Film Review – Planes
Planes now marks the third time we have visited the world of animated talking vehicles first established with Cars (2006) and continued with Cars 2 (2011). This series feels like it overstayed its welcome by two films. No longer in the hands of Pixar, Disney decided to take the reins with this spinoff, and produced something that should have gone straight to home video (as first planned). It’s a tough feat to do successfully, given that the Cars films are the lowest-rated work Pixar has put out to date. But oh, did it make for some profitable merchandise! I’m trying to imagine Planes through the eyes of my ten-year-old self. Would that kid like this? Perhaps. Would that kid remember it a few weeks after seeing it? Probably not. Heck, the adult version just saw it and is already forgetting about it!
“Forgettable.” That’s the keyword here. Written by Jeffrey M. Howard and directed by Klay Hall, the story is as generic as can be. Dusty Crophopper (Dane Cook) is a crop-dusting plane that dreams of becoming a racer. We’re introduced to Dusty’s story midstream, as we first see him enter a qualifier for a famous globetrotting competition. We don’t know Dusty’s background other than that he’s afraid of heights (ironic) and that his biggest dream is to compete. Aided by his friends, the fuel truck Chug (Brad Garrett) and forklift Dottie (Teri Hatcher), and mentored by the retired naval bomber Skipper (Stacy Keach), Dusty faces his fear of heights and pursues his aspirations, much to the annoyance of the other racers. In particular there’s Ripslinger (Roger Craig Smith), the high-flying favorite who can’t believe Dusty is allowed to be in the same race.
Haven’t we seen this before? Many, many times before? To take the route of The Underdog Story is a very weak approach, because it’s been revisited to the point of nausea. Turbo—another animated movie that came out only a few weeks ago—contains the exact same plot. Granted, any story can be engaging as long as it provides a fresh perspective and is crafted with enthusiasm, but that isn’t the case here. Once Dusty enters the race and begins to make a name for himself, the film becomes exhaustingly repetitive. The racers fly from one place to another, Dusty struggles to keep up, gets a nice pep talk from his friends, and the cycle begins again. This makes up the entirety of the film’s second half! This is what I’d like to call The Checkmark Method, where you can sense the screenplay checking each box as it moves down the list of elements that make The Underdog Story. Is there any real narrative tension going on? No, because we’re so familiar with what’s happening that nothing comes as a surprise.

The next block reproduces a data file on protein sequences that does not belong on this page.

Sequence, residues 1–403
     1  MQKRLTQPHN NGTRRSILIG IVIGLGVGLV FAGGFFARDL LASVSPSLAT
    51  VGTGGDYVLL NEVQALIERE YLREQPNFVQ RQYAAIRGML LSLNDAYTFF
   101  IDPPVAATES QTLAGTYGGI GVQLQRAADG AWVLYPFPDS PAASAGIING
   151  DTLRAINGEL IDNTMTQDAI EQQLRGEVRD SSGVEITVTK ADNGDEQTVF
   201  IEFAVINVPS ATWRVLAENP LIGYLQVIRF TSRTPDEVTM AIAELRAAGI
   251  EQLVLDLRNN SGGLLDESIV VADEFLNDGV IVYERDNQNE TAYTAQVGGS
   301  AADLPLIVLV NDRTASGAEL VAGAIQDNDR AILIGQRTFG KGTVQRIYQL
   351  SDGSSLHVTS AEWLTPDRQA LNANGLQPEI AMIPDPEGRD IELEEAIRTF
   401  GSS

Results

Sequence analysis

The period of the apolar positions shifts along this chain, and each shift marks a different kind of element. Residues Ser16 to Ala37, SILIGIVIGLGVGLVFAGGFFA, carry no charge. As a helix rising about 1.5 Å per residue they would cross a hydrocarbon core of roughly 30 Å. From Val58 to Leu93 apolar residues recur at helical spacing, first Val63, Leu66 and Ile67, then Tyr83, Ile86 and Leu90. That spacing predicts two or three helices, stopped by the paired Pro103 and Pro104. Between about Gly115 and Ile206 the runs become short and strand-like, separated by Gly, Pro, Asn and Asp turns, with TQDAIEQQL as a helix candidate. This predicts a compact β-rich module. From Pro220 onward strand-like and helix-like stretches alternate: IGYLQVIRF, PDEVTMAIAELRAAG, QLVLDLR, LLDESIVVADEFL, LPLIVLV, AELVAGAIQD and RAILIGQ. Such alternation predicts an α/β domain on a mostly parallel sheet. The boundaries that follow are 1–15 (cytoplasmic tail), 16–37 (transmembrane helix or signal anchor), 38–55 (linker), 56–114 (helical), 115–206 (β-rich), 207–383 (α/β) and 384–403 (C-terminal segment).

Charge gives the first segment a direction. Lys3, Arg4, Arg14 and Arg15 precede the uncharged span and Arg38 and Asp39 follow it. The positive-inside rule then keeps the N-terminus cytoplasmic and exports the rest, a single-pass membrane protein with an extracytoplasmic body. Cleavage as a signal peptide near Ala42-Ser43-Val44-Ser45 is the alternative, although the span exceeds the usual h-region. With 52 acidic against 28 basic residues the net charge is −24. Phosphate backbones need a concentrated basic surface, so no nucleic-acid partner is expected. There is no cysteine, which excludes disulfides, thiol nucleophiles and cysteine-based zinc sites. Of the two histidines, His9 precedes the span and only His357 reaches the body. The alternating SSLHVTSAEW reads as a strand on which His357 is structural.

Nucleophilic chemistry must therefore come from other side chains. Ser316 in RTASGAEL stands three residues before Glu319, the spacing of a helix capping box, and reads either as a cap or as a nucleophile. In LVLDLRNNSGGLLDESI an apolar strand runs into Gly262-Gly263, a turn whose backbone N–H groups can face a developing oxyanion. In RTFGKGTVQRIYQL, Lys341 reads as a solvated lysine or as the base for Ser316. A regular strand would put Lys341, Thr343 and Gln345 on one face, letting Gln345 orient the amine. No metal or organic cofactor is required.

At what point does incorporating cultural diversity turn into cultural offensiveness? Some supporting characters tiptoe that line, if not possibly crossing it. I enjoy it when movies display different ethnic backgrounds, until they turn into caricatures. Many of the racers that fly against Dusty come from different countries, but some may push the envelope with how over the top they are. Case in point is El Chupacabra (Carlos Alazraqui), a Spanish/Mexican plane that isn’t so much a character as he is a clown. He even wears a wrestling mask and cape; not too subtle, if you ask me. When he’s not flying, El Chupacabra spends his time trying to win the affections of the French-Canadian plane, Rochelle (Julia Louis-Dreyfus). Of course he can’t do it without a full-out serenade scene, complete with a mariachi band. At what point can different ethnic characters exist without having to play up their cultural stereotype for comedic effect?
Maybe I’m being too hard on this film, given that it’s meant to be a simple family entertainment. But that’s the problem: it settles on being a simple family entertainment. I think kids (and parents) deserve better. It’s not enough to put bright colors and funny-looking characters on screen. There needs to be something more to really connect with audiences. Whatever catharsis we’re supposed to get remains at a surface level, almost like an afterthought. For a studio that was once synonymous with setting trends and breaking barriers in the animation world, Disney acted out of caution with this one. They looked to capitalize on an existing property but brought nothing new to the table, and, as a result, what we get lacks any kind of staying power.
Most importantly, Planes doesn’t answer the questions that were originally brought up in Cars. If these vehicles are living creatures, how exactly do they procreate? If buildings, hospitals, and airports exist in this world, who (or what) are meant to populate them? Do cars and planes sleep in beds? Dusty is a crop-duster, but who hand-picks the produce from the fields? If you really thought about it, you could get into some Twilight Zone material here, but I think the studio would rather have us buy the toys or ride their roller coasters instead.